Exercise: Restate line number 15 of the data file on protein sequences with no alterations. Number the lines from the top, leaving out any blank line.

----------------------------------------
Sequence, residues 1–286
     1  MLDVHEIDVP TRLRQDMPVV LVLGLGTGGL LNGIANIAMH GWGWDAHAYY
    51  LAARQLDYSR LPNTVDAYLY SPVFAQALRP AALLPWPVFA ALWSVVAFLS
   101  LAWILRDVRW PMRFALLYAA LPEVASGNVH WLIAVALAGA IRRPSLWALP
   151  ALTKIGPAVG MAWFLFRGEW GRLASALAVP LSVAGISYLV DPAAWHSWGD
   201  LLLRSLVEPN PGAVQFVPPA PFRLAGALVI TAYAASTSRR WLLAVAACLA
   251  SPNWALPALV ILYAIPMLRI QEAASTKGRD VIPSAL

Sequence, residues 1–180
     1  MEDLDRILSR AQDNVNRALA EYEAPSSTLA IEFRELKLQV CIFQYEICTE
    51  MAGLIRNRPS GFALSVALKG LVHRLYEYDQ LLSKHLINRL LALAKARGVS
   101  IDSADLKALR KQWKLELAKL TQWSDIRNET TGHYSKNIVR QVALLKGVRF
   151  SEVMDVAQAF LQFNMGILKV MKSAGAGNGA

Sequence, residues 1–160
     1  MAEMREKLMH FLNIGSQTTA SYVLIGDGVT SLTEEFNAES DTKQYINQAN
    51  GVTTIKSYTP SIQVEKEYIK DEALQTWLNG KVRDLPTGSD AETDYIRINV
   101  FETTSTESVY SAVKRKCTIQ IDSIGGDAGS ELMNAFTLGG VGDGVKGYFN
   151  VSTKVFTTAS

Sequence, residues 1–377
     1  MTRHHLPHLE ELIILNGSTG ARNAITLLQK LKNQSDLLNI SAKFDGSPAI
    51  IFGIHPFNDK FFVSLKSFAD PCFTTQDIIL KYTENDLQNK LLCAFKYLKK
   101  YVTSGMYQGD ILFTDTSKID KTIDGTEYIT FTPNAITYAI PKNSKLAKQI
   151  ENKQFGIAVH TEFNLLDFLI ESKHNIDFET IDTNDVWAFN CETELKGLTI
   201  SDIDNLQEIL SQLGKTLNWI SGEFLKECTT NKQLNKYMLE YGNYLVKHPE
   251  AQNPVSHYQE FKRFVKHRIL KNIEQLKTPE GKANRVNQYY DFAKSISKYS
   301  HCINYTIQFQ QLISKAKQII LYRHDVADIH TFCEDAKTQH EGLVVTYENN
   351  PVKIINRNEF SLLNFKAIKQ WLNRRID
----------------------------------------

    51  GVTTIKSYTP SIQVEKEYIK DEALQTWLNG KVRDLPTGSD AETDYIRINV